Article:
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Life changes in the instant. The ordinary instant. And it occurred to me after I wrote on my father that I wanted to write on my mother—hell, I felt compelled—because she is alive and I’m crazy about her. And at some point, in the interest of remembering, we can forget the present as the word “ordinary” ceases to exist. Mind you; I wouldn’t describe my parents and my relationship with them as ordinary. I doubt most of you would. Remember what Philip Larkin wrote? “They fuck you up, your mum and dad. They may not mean to, but they do.” Always makes me howl with laughter. I was blessed to have been brought up in an eclectic home. My family brought South Africa with them to London—braais, proteas, passion fruit juice, strong accents and soul.

“And then—gone.” In the midst of life, we are in death —Episcopalians say at the graveside. But we are in the midst of living always, and my mother was the key that unlocked cavernous wooden doors slammed violently shut. At first, second by second, then minute by minute, until hour by hour I regained life. Those moments when I was abruptly overtaken by exhaustion, she fed my shrinking frame with all manner of smoothies and my favourite chips in the whole wide world: Nik Naks. If you’ve ever smelt or touched their neon knobbles, you’ll know that that’s true love right there.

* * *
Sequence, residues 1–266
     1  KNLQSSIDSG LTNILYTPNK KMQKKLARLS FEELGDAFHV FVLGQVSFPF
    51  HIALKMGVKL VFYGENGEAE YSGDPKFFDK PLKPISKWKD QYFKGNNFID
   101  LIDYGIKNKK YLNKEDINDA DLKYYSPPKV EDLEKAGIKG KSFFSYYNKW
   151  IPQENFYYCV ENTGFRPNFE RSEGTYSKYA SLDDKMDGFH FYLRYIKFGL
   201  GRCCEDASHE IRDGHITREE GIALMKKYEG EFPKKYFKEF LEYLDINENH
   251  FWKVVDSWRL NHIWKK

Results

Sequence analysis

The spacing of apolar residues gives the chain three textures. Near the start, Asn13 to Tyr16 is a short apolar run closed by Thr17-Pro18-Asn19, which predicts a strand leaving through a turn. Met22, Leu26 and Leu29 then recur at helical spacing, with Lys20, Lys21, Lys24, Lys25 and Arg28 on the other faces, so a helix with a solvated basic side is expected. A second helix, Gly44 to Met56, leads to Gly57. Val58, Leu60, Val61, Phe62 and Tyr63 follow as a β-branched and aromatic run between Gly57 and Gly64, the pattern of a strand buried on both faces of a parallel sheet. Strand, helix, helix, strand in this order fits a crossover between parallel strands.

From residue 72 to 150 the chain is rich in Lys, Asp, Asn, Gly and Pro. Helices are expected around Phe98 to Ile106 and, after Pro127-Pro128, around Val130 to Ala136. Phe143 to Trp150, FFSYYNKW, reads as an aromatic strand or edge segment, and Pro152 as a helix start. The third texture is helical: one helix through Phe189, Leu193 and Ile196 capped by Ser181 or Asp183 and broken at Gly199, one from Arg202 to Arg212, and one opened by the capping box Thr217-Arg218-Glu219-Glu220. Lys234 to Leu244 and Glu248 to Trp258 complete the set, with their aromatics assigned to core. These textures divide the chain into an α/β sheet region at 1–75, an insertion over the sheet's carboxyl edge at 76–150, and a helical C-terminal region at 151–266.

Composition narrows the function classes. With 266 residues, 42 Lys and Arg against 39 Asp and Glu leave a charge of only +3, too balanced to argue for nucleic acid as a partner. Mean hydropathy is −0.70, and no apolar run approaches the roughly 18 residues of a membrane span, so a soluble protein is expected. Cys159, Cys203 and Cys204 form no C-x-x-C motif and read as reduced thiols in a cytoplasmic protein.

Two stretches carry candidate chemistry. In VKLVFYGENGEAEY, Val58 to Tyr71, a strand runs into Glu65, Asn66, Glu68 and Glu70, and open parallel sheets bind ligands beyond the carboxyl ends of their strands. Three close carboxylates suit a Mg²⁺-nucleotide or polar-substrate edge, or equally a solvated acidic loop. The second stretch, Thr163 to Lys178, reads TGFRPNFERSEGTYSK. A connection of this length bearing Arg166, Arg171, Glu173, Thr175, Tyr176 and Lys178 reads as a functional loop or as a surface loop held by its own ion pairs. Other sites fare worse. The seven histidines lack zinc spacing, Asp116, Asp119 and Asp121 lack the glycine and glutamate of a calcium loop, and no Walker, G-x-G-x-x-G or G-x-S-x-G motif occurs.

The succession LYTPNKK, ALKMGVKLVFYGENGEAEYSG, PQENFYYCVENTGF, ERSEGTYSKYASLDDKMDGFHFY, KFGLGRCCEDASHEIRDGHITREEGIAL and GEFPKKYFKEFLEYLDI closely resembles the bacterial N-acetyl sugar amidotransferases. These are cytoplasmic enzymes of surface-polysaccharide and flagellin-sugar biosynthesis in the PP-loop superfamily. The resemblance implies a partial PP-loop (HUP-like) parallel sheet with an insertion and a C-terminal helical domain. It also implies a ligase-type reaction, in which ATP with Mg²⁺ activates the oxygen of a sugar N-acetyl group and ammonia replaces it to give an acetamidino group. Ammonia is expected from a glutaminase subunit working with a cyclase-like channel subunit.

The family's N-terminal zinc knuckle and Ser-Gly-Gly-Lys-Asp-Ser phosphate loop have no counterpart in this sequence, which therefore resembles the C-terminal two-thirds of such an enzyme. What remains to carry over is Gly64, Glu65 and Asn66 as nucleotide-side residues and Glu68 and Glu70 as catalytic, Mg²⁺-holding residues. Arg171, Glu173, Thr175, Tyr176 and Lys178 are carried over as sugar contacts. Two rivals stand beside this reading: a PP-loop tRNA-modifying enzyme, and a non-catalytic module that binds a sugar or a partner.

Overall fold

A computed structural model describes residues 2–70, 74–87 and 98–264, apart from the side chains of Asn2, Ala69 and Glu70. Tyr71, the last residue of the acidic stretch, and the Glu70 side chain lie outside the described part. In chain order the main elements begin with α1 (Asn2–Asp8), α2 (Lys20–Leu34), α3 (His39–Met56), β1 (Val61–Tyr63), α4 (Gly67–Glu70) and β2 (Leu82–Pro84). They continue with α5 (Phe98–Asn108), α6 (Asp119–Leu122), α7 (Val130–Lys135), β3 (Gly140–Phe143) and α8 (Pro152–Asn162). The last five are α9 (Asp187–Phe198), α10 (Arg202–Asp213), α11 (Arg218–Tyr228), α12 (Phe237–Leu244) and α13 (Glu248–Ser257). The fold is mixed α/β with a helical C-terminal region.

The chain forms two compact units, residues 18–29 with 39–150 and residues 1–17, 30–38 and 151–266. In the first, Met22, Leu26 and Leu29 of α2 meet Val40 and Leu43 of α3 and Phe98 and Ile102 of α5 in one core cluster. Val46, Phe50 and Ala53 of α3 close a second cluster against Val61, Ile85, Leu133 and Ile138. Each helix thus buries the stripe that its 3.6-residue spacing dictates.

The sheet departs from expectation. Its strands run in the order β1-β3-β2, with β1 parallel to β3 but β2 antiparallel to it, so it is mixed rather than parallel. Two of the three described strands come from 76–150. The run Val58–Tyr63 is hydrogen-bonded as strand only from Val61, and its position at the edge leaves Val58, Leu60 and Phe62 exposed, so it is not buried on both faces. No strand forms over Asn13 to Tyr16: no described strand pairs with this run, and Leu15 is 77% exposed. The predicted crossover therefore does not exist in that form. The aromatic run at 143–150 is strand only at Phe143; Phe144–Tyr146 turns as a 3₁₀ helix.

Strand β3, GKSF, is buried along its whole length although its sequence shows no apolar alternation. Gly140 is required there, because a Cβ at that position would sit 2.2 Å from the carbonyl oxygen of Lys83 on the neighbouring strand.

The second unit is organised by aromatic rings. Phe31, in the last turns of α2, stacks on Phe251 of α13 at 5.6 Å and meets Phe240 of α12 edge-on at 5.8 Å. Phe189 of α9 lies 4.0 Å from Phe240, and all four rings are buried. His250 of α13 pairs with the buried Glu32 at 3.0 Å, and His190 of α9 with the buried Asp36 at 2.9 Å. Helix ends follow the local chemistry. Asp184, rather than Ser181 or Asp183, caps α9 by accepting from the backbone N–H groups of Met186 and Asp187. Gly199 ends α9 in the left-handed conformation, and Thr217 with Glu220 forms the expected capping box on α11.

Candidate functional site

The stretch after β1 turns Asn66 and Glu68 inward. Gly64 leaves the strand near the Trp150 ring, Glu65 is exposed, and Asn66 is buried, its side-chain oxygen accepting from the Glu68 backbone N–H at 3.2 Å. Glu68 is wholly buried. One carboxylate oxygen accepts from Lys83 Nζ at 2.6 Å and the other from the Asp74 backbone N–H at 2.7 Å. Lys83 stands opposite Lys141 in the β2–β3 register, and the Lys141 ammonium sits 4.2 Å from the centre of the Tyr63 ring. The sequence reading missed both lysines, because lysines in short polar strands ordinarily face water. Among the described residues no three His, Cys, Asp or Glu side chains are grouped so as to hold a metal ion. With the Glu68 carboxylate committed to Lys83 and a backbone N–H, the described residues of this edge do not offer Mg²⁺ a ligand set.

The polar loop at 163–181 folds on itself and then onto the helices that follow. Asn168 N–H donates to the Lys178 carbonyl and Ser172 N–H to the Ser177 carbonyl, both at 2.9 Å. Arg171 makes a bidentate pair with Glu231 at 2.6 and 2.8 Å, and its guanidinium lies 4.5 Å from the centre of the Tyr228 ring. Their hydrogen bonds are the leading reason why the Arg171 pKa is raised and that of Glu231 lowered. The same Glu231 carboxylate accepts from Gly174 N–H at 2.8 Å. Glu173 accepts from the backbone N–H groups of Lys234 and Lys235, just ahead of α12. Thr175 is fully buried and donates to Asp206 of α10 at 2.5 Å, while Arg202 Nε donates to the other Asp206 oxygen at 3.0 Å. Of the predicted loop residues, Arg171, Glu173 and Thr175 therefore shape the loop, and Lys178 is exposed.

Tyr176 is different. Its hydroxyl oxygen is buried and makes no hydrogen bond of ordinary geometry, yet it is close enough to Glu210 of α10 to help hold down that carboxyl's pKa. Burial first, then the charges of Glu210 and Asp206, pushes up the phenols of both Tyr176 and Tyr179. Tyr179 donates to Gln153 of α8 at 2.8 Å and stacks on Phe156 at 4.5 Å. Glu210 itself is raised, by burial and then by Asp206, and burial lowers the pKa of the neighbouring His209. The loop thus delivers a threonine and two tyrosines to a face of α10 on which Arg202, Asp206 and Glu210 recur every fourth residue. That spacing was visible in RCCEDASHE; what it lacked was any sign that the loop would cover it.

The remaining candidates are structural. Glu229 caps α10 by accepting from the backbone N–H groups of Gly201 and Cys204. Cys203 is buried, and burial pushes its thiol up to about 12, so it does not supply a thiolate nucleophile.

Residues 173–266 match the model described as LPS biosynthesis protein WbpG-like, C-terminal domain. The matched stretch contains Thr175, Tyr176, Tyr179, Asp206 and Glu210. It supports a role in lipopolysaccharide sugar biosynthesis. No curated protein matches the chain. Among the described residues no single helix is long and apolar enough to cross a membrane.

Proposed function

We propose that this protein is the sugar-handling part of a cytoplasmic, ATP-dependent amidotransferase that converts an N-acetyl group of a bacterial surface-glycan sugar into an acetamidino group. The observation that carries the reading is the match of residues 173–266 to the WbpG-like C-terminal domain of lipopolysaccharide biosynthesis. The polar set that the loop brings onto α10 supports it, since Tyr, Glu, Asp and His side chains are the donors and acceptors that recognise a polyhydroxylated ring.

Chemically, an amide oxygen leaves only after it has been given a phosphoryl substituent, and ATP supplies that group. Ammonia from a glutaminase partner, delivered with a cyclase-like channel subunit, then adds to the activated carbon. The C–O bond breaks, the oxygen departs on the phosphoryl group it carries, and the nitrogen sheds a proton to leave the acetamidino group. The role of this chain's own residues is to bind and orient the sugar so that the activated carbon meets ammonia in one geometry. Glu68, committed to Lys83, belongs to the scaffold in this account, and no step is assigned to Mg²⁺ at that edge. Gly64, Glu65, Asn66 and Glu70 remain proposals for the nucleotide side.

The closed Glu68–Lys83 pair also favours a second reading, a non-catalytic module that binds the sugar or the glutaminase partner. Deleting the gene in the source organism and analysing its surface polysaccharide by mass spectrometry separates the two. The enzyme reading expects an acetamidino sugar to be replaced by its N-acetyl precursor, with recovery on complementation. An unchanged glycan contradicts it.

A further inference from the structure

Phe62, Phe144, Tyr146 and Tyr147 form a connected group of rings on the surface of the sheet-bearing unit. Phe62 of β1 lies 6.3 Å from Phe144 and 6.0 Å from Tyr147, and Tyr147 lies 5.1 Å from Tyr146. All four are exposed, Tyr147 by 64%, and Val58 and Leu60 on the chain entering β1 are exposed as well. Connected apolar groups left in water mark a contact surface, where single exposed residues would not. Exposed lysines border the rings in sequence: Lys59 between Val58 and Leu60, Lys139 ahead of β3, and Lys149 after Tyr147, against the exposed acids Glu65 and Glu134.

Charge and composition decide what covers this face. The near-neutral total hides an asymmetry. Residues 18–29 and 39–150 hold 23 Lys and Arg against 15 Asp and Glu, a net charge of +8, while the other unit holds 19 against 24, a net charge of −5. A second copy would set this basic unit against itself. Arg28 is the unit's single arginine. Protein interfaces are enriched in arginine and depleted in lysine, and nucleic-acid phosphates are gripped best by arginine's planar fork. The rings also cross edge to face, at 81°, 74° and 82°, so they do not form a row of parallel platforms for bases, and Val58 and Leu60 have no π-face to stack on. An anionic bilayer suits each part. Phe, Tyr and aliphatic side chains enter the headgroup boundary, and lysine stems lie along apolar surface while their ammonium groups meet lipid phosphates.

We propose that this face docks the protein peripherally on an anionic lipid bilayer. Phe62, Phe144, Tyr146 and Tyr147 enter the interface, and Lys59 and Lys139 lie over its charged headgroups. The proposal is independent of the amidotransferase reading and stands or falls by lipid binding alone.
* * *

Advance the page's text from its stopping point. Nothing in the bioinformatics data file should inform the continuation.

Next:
In the past few years—most especially—we have unpicked death, love, illness, luck, fate, addiction, strength, will, marriage, children and memory. I think this is because we have both have taken the time and actually relish the exploration of life and all its kaleidoscopic intricacies. My mother is a recovering alcoholic and she wouldn’t mind one bit that I mention that here. She’s as open about her sobriety as I am about my passion for scent. She’s eleven years sober this year, and if anyone knows about the ways in which people do and do not deal with the fact that life ends, about sanity, about being in the trenches, it’s her. When she told me after my father died that you can move on, that you’re allowed to because there’s happiness ahead of you, I believed her.

“It’s a brave thing, loving another person.” I’m laughing now, but my mother tells me she knows when my father and she conceived me. And I still smile every time she mentions it because I think its a beautiful memory for her, and as I like to remind her, she was lucky to get me! I want for her to know these daily moments we have together—even if they are more across the oceans nowadays—they’re some potent wizards. I want her to know that she shaped the way I see women. She taught me to love them and she exposed me to friggin’ awesome women doing friggin’ awesome things. She taught me about friendship and I’m sure that’s why I’ve been blessed with the best girls. She taught me to write stories and be authentic.